You Are What You Consume -- on being an intentional consumer
Ernest Hemingway’s personal method for writing was characteristically simple and unpretentious. “All you have to do is write one true sentence” he said, “Write the truest sentence that you know.”
I begin, then, where Hemingway began each time he sat down to pen his stories, vulnerably and profoundly: with an affidavit of complete sincerity. I don’t think these monthly posts will be valuable to you in the sense that I have grasped and will impart any ethereal revelations that you couldn’t discover more applicably and tangibly on your own. I do, however, hope to share a bit of my experience with you. So that anything I dig up and dust off and polish into this post that has been individually experienced will inspire you to do the same, to think more intentionally, to live more intentionally in your own way.
And that’s the thing about experience. Each new thing we experience, from moment to moment, undresses itself deeply and spontaneously for us in the most intimate aloneness, before we ever clothe it with words and ideas. We categorize and label our lives in hindsight. And it’s only after, when we recall it for someone else that we can, in mutual surprise say, “You felt that too?”
C.S. Lewis, in The Four Loves, writes,
Here’s hoping that the months to come hold many of those moments for us.
It is those moments, in fact, which make up the meat of this inaugural post. How do we experience them? And how does being intentional about things help us in the long run?
Last summer, Jacob and I spent some time in an old log ski lodge near Obertraun, Austria. This place was as far off the grid as we could get and still be warm and dry. It was only reachable by cable car. A massive dog that looked more mammoth than canine was one of the only other guests (it wasn’t skiing season) and he spent most of his time trying to look like an enormous, furry rug. As you can suspect, wifi wasn’t plentiful and entertainment options were scant, so Jacob and I were pretty much left with the books we had haphazardly shoved in our packs at the beginning of the trip.
It was there that I read Surprised by Joy, another Lewis (yes, I am unabashedly a C.S. Lewis fanatic and yes, you’ll have to put up with an endless queue of quotes and concepts from him in many of my posts). I had never, to that depth or breadth, experienced anything quite like what I am about to describe. I hope you have.
As I read, I felt that thoughts and feelings which I had never expressed, which were almost too broad, too webbed into the network of experiences and impressions and sentiments that make up who I am to be clearly expressed were all written out neatly, concisely before my eyes. Leanings, urgencies, fears and passions which made a mockery of the words used to try and describe them and box them into communicable data, were all set out and given credence, given plausibility by someone I had never met. Someone whose lifetime didn’t even overlap mine. Someone from an entirely different period and part of the world. And yet someone who had experienced them in all their vast and undeniable reality.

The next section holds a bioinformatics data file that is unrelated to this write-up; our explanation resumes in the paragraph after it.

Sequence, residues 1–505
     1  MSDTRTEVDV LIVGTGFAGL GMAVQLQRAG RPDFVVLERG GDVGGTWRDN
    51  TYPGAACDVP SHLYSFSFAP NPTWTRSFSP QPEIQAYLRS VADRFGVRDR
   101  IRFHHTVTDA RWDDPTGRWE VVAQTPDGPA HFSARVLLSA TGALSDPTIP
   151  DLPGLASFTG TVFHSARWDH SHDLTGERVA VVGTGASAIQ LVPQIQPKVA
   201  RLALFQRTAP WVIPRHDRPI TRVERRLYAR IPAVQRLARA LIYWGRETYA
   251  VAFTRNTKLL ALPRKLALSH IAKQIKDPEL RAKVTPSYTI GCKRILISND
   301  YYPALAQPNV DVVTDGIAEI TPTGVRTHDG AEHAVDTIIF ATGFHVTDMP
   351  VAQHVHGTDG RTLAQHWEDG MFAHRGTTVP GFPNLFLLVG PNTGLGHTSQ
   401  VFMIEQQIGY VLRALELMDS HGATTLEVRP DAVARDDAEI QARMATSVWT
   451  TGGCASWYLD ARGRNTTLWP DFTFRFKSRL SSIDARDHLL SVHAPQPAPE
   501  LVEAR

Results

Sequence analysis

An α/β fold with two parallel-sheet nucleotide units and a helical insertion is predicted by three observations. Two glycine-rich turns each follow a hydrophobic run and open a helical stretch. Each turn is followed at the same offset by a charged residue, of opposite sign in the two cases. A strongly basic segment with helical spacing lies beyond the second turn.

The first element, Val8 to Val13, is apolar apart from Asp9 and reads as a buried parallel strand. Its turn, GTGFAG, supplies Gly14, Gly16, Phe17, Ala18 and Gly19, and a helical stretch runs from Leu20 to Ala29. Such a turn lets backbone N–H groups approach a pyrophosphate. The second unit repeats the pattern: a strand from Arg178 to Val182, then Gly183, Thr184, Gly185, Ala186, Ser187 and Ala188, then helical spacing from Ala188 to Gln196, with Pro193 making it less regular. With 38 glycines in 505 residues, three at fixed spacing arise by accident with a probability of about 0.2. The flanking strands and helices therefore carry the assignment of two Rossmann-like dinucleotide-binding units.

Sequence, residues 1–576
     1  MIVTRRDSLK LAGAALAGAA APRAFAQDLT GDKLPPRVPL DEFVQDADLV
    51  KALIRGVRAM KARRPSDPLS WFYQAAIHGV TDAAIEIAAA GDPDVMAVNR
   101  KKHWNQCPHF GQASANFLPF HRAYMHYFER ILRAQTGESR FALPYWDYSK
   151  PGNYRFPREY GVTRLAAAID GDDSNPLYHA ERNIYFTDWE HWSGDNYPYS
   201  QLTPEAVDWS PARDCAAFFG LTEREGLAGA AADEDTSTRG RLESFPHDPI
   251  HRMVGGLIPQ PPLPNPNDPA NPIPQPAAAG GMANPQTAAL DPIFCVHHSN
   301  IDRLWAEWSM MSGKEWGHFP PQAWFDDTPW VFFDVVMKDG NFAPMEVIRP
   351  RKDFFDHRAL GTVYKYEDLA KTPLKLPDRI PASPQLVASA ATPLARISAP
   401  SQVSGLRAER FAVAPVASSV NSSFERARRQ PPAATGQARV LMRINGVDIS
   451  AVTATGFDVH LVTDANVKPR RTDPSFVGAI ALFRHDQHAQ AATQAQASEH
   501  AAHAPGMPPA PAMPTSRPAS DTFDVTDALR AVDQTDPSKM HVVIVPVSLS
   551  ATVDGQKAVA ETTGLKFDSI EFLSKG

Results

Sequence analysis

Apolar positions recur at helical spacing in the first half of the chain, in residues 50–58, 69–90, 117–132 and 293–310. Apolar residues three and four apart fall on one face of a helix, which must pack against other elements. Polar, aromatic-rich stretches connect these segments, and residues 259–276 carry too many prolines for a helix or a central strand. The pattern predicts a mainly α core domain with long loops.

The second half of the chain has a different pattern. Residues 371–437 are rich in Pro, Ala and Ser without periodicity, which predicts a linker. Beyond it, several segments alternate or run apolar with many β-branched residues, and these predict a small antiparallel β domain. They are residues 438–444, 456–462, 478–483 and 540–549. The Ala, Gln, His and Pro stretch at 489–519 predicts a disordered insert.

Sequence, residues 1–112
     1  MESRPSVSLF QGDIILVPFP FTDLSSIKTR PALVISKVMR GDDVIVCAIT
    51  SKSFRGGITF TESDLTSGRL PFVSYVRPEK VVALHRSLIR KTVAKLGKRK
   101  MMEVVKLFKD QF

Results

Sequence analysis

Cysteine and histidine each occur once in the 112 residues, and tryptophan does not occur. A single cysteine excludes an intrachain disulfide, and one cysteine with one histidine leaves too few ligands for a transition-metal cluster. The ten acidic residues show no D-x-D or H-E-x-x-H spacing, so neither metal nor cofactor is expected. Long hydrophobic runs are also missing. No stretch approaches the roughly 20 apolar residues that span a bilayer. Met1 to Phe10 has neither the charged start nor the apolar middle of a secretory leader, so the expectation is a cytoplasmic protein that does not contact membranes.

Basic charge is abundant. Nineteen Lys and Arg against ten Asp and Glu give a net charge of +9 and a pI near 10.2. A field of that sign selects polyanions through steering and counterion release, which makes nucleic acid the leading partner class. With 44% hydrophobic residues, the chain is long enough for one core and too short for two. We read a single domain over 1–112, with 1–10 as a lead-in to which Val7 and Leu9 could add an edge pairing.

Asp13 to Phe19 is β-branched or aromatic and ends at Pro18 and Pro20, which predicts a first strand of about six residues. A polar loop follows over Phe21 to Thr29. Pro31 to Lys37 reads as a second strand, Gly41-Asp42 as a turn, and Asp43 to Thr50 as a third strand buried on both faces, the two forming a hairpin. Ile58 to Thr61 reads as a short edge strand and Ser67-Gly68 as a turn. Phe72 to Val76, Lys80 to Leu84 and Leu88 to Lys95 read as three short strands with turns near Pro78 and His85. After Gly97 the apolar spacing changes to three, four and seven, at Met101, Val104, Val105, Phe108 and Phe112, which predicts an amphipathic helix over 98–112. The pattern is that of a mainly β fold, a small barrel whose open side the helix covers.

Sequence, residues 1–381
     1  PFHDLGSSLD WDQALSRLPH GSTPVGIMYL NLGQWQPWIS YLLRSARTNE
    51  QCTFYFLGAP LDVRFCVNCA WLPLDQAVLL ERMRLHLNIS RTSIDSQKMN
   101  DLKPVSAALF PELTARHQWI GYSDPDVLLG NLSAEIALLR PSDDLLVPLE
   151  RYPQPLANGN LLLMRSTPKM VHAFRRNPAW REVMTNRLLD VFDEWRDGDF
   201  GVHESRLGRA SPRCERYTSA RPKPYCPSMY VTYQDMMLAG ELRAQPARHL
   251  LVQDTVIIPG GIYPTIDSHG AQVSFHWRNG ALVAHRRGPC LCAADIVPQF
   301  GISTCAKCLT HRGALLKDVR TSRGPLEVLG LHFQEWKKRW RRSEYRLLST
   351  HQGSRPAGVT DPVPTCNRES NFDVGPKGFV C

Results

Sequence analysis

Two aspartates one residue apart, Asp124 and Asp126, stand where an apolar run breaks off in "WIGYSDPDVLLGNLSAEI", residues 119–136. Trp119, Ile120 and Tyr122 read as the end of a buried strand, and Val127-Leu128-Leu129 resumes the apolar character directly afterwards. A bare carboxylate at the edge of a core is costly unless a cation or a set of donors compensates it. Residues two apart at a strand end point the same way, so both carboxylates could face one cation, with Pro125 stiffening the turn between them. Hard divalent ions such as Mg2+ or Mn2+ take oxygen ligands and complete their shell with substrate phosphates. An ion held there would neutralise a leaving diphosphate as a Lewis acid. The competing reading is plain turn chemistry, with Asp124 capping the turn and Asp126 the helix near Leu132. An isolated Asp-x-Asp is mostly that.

And I couldn’t help but sit in elation and scream silently, “I know exactly how you felt. I know that thought, that emotion like you know an old friend: every wrinkle, every glint of the eye, every characteristic twist of the corners of the mouth, every stubborn cowlick. I know.” It was one individual mining his experience, his imperceptibly individual experience of life and piling it all before you in the silence that only comes to us in reading. And he did so, above all, utterly sincerely.
Ever since I have scrounged implacably through stacks of books looking for the same moment. The moments where in resonant and undisturbed conversation, one person genuinely unlocks their vault of memories and passions and idiosyncrasies for just you. And it is those moments which I hope to create and recreate (with a very real understanding that I may more often fail than succeed) in these small posts. As George Orwell wrote in his classic 1984,
These moments have been precious to me and have given me yet another reason (there is a long, long, long list of them that you already know) to read profusely. And here is the shocking, revolutionary, edgy exhortation that I have for you in this first post: read.
I believe that any piece of art we hold dear (I mean really love, not merely appreciate objectively) bears in its very core something which resonated strong and clear with something already inside of us. It is not so much that something brand new is shown to us, but that in our tripping, tumbling, meandering dance of experiences, we realize beautiful truths and every now and then, we see that same beautiful truth reflected in some art form. And we love it because it smells, feels and sounds familiar.
However, we live in an age of exceptionally loud consumerism. Anything and everything is more accessible than ever.
That said, this accessibility feels more like a siege. We are bombarded by things to consume. Naturally, since you are a consumer, everyone selling anything has your picture pinned in the middle of the bull’s-eye. And entertainment is the most addictive drug we are sold. Any TV show, movie, game or fill-in-the-blank time-waster that you can dream up is just several clicks away, placing a cotton-candy time barrier between you and whatever difficult task is knocking on your door next. It’s free, it’s shiny, it’s sweet and it’s easy. And this is how, I believe, some of us (myself included) have come to be unintentional consumers.